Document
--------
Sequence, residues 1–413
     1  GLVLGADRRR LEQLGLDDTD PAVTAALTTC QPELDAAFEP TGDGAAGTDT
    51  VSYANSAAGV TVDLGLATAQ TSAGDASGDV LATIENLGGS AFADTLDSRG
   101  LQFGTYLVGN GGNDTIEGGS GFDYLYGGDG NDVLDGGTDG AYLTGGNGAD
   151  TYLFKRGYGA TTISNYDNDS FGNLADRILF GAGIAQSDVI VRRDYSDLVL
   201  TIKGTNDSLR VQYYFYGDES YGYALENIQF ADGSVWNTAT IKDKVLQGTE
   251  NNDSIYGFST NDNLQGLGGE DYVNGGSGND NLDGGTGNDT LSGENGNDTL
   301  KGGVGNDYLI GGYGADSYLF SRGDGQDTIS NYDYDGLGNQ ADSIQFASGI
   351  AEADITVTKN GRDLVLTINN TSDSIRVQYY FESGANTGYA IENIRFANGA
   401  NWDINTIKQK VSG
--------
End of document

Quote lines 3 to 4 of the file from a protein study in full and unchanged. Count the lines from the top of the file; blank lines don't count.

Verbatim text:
    51  VSYANSAAGV TVDLGLATAQ TSAGDASGDV LATIENLGGS AFADTLDSRG
   101  LQFGTYLVGN GGNDTIEGGS GFDYLYGGDG NDVLDGGTDG AYLTGGNGAD